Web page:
Six works by Arshile Gorky, the passionate and lyrical Armenian-born New Yorker, have been bought and placed on view here by the National Gallery of Art.

Though Gorky is best known for the fluid melodies of his late abstractions, the most compelling picture in the Gallery's million-dollar purchase is based upon a photograph treasured by the artist. The painting was begun in 1926; Gorky worked on it 10 years. Drenched with love and mourning, obsession and nostalgia, "Portrait of the Artist and His Mother" is one of the touching double portraits of our time.

Arshile Gorky suffered. His life began, and ended, in appalling misery.

He saw his mother starve to death when their village in Armenia was besieged by the Turks. Gorky was 16, when, in 1920, he disembarked at Ellis Island. In January 1944, Gorky's studio burned. In February of that year he discovered he had cancer. In June of 1948, a car crash broke his neck and paralyzed his painting arm. The next month his wife left him. A week later Gorky hanged himself. He was only 44. Yet despite his pain and poverty, his paintings seem to sing.

Accompanying the moving double portrait is a square-off pencil study for the painting. The other four new Gorkys acquired by the Gallery all read as abstractions. The purchase, made with monies from the Ailsa Mellon Bruce Fund, gives to the Gallery a survey of the painter's work few American museums are able to surpass.

Gorky, who once shared a studio with Willem de. Kooning, gave himself wholeheartedly to the new New York painting. He believed in the new. Yet despite his innovations, his carefully made pictures are fully as conservative as they are prophetic.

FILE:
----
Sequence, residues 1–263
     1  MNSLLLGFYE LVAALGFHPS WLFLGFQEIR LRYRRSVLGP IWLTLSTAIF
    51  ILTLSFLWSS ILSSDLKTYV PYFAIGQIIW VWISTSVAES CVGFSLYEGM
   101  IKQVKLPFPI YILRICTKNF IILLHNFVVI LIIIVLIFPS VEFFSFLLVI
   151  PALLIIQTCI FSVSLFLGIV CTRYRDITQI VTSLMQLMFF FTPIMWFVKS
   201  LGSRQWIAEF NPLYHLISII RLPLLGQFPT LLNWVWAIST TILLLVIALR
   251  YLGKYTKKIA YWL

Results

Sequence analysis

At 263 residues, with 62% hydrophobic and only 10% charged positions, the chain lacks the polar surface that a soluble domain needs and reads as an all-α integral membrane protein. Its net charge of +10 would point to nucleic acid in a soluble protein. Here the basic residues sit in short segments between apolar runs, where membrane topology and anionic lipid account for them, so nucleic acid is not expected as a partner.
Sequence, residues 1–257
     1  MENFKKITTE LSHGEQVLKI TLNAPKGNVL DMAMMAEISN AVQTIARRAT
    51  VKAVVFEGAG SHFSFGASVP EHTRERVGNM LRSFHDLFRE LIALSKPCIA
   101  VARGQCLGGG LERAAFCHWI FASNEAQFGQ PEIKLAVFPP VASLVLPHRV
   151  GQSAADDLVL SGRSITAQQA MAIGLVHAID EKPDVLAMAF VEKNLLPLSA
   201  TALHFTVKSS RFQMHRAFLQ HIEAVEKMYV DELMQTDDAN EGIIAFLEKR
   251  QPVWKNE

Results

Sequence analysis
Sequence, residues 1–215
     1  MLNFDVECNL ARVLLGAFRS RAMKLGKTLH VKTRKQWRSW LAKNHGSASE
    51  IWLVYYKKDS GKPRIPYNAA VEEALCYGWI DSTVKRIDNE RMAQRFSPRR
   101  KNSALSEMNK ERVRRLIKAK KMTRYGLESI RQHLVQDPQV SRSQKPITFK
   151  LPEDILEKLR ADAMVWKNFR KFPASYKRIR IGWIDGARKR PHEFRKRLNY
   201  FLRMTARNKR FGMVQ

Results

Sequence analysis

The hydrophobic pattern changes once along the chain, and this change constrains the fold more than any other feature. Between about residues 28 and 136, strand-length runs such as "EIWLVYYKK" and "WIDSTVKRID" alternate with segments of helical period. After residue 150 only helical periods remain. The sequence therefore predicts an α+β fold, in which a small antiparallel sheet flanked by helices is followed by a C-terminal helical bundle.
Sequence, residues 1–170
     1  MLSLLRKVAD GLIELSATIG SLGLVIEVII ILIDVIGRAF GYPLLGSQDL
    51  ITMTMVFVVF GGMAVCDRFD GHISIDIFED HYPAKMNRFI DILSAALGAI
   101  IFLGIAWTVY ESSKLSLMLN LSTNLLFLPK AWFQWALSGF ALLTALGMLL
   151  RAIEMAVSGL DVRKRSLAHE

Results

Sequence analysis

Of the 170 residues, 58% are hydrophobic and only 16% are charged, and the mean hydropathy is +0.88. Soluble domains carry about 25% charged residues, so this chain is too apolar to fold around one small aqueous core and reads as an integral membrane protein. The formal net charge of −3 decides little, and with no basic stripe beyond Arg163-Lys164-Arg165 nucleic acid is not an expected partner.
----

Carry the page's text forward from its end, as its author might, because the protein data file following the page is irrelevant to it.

He looked like a Bohemian, but though his black eyes flashed and his black moustache drooped, Gorky was no radical. He carried in the pocket of his huge black overcoat a little well-thumbed booklet of Ingres reproductions. He haunted the museums. He worshiped, and he learned from, Uccello, Grunewald, Cezanne, Seurat, and the painter that he called "that man Pablo Picasso."

"I shall resurrect Armenia for all the world to see," he wrote, "and when we return to clay as we all must, then perchance they might say, 'As a son of the Armenian mountains he offered his modest share to the accumulation of our world's great culture.

Innovative as they are, his paintings are in spirit somewhat more old fashioned than those of his contemporaries, de Kooning, Hofmann, Pollack. He objected to what he called "the deification of novelty." Because he filled his art with dreams, he was seen as a surrealist, but he refuesed that label.

Despite that disclaimer, Gorky always trusted reveries and dreams, and it is clear that he learned much from the friendships he formed in the 1940s with the surrealists Matta and Breton.

The real plants he saw, and those that he remembered from his childhood mingled in his art: "Apricots, peaches, apples, grapes. The rich colors of . . . our grains and flowers. Always I try to duplicate the colors of Armenia in my work."

Gorky made two versions of the portrait with his mother. One is in New York at the Whitney Museum of American Art. Its silvery colors are far cooler than the apricots and plums, the sun-kissed, Mediterranean hues of the Gallery's new painting. Building so that it looks across the room at a huge rose-period Picasso. The installation works.

The East Building has for months felt peculiarly empty, in part because much second floor exhibit space was being used as corrider.That admirable exhibit space has now been redesigned, and carpeted, and filled with splendid pictures, Picassos, for example, as well as borrowed Rothkos, Stellas and de Koonings. A borrowed Gorky self-portrait also is on view. With the new installation the East Building's second floor seems a much improved place for seenig art. CAPTION: Picture, Double portrait of artist Arshile Gorky and his mother; Illustration, the pencil sketch for the 10-year work.